Chris is less accustomed to, but not uninterested in, the attentions of men (Damaged Goods). He likes blonde women. He drinks wine with Tilda. He eats buttered toast and jam. The TARDIS wardrobe selects for him a Zoot suit with knee-length navy coat and a felt hat. He finishes Patsy's whiskey. He has sex with Patsy. At the Adjudicator Academy, cadets were taught that the last resort for an unarmed officer faced with an armed opponent is the Diving, Rolling Breakfall with Kick; in practice, this almost never works, but Chris tries it on Gordy Scraton here and gets shot in the shoulder in the process.

Following the events of Trial of a Time Lord, Peri becomes Queen Gilliam of Kr'on Tep and its seven systems, as well as the Governor of seven worlds. She has spent twenty-five years on Kr'on Tep. To her frustration, she usually has to wear intricate and unwieldy clothing that means she requires the aid of two handmaidens to sit down, and her schedule is entirely filled with affairs of state. She has shoulder length blonde hair by now, and knows how to pilot a shuttle. She has been researching Petruska and Moriah and uses translation software to translate the inscriptions in the Palace of the First Queen. She still bitterly resents the Doctor abandoning her, and doesn't love Yrcanos. Ala'dan gives her a null-gravity belt. She returns to Earth in London 1958 via the Time Corridor. The first thing she does once reunited with the Doctor is to slap him. Following the events of Mindwarp, she made Yrcanos wait on Thoros Beta for a month because she thought the Doctor would come back for her; he tells her that he thought she was happy at first and then got caught up with other things. The Doctor drops her off at Victoria Station in London in the later twentieth century and she forgives him for abandoning her. He gives her some traveller's cheques and currency, and also returns her passport; because the photograph is so out of date, she lets him keep it as a memento. She plans to go traveling around Europe.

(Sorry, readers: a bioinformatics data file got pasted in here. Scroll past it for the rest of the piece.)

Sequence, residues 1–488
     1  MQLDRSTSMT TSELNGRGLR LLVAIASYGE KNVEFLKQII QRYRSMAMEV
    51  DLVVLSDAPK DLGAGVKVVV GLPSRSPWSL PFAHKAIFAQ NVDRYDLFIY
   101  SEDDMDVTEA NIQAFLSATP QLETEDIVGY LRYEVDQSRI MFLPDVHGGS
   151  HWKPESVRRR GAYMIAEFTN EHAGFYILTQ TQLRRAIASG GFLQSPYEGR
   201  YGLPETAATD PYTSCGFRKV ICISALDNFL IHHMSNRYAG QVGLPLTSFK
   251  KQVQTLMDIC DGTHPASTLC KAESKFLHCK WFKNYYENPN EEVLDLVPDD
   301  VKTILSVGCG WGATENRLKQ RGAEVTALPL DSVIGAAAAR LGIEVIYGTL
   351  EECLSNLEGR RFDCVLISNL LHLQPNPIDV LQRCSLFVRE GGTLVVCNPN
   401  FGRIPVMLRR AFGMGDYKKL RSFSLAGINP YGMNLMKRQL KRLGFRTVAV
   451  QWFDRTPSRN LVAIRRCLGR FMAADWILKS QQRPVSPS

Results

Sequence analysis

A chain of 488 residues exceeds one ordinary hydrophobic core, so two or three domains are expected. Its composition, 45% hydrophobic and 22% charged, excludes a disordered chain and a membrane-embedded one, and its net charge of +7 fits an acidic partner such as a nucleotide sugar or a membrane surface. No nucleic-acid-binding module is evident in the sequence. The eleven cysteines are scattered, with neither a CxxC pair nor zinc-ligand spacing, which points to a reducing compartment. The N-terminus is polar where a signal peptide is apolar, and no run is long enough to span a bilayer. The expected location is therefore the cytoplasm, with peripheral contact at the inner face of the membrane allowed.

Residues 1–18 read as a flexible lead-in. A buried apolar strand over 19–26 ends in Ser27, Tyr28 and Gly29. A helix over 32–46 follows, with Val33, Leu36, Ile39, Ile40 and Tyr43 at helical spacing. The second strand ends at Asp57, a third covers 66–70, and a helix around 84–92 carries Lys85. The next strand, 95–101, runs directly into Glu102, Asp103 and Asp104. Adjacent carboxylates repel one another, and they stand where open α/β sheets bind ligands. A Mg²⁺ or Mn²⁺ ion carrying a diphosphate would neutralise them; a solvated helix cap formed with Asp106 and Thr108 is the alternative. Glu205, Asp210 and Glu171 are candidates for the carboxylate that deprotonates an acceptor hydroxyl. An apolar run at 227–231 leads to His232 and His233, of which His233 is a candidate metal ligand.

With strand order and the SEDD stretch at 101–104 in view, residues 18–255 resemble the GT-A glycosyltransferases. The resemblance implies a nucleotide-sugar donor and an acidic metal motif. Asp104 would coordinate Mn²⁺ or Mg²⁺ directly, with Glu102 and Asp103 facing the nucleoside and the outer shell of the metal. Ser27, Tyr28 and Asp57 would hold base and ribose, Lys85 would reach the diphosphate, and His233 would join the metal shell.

The TARDIS wardrobe currently has a sign on the door reading "Closed for refurbishment". It frequently changes its style and location and has recently appeared both as a small gentleman's tailor complete with elderly bespectacled shop assistant, and as a huge warehouse sized room with wicker baskets stuffed full of clothes piled up to the ceiling. When Chris visits on this occasion, there is a low-backed Edwardian nursing chair outside the door.

Links: The Doctor and Chris are still strongly affected by Roz's death (So Vile a Sin). There are references to Original Sin, Planet of Fire, The Caves of Androzani, The Twin Dilemma, Attack of the Cybermen, Vengeance on Varos, The Mark of the Rani, and Ishtar (Happy Endings). Chris recalls being infected by a telepathic virus (SLEEPY).

Location: Soho, London, October 1958; Kr'on Tep, date unknown; London, the late twentieth century.

Unrecorded Adventures: Following Roz's death, the Doctor and Chris have made brief visits to various locations including a junk market on a small low-gravity moon where the Doctor rummaged through skips of electronic junk looking for spares; a water-covered world where they swam with the nomadic amphibian inhabitants; and a transport museum in an artificial satellite where Chris flew a variety of aircraft.

The Bottom Line: "I don't know if I trust you anymore, Doctor." With themes of trust, betrayal, healing and emotion, Bad Therapy is perfectly placed directly after So Vile a Sin, and shows both the Doctor and Chris coming to terms with Roz's death extremely well. The inclusion of Peri, far from being gratuitous, forces the Doctor to confront his own relationships with his companions, which is entirely in keeping with the themes of the novel.

Discontinuity Guide by Paul Clarke